When I spoke to my mom the day of Erev Rosh Hashanah on my way home to La Jolla from the San Diego airport on Monday, I asked her to pick a couple of bottles from the mini-cellar I keep at her house. She opens the wines for her friends when they visit and we enjoy them at family get-togethers.
For the new year this year, she picked a 2006 Carema Riserva from Produttori di Carema and a 2010 “Anas-Cëtta” (Nascetta) by Cogno. Not bad, right?
Back in 2010 when I led a group of bloggers on a tour of Monferrato and Langhe wineries, Walter Fissore of Cogno opened a 2001 Anas-Cëtta for us. It was one of his first vintages of the then newly revived Piedmontese white grape variety. Everyone on our trip was so impressed with the wine, including me, that I bought a six-pack of the 2010 when I got back stateside.
This wine, aged in my storage locker in San Diego for 10 years (!), was incredibly fresh, with rich vibrant fruit on the mouth. I was totally blown away by how good it was. We had opened another bottle this summer when Tracie, the girls, and I were visiting my mom. It was good but this bottle was better. It blows me away how a roughly $25 bottle of white wine can perform like this. Chapeau bas to Walter who had the vision to get behind this grape and make some truly outstanding wines. I really enjoyed this and it went great with the classic middle eastern spread my sister-in-law and brother dialed in for dinner.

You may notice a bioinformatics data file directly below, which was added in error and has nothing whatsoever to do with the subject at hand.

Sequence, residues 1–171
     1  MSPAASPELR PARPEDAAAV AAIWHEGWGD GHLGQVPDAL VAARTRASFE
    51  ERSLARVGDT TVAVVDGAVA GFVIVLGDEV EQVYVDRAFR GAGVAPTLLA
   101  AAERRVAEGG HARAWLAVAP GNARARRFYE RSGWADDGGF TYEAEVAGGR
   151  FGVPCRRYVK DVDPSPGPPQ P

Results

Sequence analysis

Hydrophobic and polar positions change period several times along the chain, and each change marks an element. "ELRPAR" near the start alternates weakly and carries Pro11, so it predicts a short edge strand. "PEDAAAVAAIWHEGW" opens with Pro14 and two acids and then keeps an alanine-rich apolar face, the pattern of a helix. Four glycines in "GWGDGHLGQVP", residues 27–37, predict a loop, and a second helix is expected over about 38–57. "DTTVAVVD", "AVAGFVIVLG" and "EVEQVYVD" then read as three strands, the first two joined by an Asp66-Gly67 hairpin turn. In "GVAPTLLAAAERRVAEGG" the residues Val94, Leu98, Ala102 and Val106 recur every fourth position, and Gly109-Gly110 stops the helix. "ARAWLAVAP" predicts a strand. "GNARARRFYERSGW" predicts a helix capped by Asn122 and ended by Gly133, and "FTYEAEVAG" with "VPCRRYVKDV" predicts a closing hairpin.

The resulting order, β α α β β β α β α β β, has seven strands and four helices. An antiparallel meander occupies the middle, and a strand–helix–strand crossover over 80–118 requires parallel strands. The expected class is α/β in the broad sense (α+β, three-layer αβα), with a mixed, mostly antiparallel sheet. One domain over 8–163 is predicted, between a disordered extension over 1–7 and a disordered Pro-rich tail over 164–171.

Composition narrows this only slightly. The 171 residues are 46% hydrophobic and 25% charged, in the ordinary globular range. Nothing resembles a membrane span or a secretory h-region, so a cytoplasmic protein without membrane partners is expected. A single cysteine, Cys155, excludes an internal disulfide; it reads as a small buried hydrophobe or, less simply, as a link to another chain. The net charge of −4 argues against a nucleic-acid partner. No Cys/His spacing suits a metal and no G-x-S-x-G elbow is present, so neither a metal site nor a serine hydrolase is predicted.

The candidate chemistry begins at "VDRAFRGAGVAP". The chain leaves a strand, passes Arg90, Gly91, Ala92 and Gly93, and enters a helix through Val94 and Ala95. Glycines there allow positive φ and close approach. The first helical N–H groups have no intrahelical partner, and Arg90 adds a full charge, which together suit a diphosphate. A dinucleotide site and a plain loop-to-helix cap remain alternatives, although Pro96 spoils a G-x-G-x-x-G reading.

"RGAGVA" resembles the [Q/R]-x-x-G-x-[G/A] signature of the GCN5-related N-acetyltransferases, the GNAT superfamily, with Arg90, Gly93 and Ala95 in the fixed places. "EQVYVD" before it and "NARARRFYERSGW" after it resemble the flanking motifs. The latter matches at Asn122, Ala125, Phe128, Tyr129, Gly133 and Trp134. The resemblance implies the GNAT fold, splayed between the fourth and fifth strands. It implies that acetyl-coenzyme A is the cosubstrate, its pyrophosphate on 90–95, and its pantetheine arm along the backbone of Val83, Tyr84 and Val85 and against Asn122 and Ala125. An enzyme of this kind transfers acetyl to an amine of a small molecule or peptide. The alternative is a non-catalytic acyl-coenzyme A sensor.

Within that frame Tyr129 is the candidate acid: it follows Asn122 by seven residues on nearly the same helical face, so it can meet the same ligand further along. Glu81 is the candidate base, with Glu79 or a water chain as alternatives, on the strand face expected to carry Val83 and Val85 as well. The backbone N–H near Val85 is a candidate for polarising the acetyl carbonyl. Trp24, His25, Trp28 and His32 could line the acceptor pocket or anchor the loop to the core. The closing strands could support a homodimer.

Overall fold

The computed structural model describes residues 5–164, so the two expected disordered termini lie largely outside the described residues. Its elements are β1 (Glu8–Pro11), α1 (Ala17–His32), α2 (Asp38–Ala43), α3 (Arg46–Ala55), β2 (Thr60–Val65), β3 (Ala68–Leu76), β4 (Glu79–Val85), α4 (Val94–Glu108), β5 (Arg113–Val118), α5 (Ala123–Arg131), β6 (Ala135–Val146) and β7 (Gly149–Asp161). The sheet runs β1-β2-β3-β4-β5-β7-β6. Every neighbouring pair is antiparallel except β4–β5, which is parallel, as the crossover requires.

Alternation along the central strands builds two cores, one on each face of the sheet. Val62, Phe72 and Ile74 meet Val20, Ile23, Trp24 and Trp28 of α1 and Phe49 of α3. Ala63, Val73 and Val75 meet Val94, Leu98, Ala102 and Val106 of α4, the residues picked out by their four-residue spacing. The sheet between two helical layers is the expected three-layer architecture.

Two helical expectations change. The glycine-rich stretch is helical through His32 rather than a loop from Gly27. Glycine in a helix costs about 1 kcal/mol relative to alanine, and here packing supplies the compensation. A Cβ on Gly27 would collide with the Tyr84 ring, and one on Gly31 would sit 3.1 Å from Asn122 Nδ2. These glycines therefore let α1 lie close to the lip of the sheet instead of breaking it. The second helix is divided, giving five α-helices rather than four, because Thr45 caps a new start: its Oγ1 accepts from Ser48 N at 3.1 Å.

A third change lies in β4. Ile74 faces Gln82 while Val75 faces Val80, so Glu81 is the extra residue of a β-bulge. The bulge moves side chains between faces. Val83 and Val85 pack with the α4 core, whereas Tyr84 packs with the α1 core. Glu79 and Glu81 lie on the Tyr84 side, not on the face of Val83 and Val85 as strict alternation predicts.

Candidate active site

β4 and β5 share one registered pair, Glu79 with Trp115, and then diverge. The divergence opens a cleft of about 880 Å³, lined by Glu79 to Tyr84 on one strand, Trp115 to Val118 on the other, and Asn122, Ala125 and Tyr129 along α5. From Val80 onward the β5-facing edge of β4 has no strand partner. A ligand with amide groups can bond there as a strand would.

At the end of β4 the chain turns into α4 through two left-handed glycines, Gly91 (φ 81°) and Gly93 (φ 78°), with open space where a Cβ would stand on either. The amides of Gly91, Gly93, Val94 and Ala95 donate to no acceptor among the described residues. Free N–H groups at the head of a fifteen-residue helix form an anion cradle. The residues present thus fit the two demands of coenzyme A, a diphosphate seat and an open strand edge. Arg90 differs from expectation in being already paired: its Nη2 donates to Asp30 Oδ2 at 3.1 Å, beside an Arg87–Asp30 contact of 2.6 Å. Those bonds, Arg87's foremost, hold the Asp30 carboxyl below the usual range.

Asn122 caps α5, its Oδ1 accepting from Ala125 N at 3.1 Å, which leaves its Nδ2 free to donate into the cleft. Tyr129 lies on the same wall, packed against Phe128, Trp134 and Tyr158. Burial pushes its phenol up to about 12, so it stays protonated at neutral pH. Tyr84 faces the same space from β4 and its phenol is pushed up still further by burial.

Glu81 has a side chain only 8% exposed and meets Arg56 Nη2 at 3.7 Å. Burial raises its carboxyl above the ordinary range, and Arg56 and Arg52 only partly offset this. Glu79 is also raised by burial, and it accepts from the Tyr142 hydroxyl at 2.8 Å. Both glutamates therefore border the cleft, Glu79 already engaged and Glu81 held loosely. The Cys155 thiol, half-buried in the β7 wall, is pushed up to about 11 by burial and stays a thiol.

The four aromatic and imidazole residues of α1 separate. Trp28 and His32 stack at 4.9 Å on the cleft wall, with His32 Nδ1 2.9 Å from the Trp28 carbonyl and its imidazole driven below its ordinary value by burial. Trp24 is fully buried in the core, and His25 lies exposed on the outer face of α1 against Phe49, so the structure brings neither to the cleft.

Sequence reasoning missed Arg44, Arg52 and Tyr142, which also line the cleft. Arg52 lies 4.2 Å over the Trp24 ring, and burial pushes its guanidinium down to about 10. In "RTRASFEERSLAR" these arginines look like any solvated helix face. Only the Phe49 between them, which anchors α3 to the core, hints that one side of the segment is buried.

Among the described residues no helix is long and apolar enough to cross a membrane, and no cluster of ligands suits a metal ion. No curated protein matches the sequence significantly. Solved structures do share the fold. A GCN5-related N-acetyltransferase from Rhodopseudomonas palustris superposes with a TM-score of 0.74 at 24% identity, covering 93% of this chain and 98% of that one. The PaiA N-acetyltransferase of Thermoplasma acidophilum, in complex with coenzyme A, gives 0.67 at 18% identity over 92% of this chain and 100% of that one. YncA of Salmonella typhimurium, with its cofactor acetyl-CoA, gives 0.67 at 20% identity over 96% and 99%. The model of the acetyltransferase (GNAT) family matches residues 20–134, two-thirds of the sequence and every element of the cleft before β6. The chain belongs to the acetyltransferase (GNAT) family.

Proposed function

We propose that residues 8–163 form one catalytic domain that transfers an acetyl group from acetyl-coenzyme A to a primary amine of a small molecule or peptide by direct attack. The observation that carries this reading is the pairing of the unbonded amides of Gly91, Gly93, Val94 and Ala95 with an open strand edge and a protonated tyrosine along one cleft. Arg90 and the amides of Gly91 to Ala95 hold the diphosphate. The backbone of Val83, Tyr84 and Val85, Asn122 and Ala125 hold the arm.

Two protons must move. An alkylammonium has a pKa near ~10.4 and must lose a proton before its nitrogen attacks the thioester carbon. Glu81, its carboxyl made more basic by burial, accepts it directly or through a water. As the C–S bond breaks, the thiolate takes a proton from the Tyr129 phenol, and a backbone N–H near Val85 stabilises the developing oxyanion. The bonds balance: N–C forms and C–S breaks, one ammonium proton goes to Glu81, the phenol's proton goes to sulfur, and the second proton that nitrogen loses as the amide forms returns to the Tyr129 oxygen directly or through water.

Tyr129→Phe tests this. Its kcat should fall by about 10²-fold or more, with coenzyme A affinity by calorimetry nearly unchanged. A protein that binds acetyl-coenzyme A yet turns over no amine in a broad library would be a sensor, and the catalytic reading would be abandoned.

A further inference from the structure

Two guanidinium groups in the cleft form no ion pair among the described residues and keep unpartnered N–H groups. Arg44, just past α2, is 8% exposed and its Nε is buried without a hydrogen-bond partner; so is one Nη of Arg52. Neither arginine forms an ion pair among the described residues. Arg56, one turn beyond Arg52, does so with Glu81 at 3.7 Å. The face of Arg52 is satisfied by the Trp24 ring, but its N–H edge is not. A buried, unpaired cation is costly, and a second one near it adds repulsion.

As a rule I never — almost never — accept gifted wine when I’m touring Italian wine country. The winemakers nearly ALWAYS want to give you a bottle when you visit. If I took a bottle each time I tasted with a producer, I reckon, there’s no way I could take all the wine back home with me. But when then Produttori di Carema president Viviano Gassino offered this bottle of 2006 Carema Riserva, how could I say no?
Note the artist label and the Alpini Torino 84th convention sticker (the annual gathering of Italian Alpine soldiers where this mountain wine was served evidently). This wine was extraordinary, very youthful and powerful, with dark red underripe fruit and smooth but still evolving tannin. What a wine!
2006 is a maligned vintage in many ways. It is overshadowed by 2005, a vintage that American critics loved. And at the time of its release, at least one high-profile Langhe grower reclassified its crus because it feared that the fallout of the financial crisis was dampening sales of its higher-end wines. So many Nebbiolophile seem to have forgotten this wonderful vintage. Great wine.
As much as I was sorry to see these two bottles go, the pleasure of drinking them — with my mom and brother’s family no less — assuaged the heartbreak of saying goodbye. Isn’t that the fun of collecting wine?
Happy new year, everyone!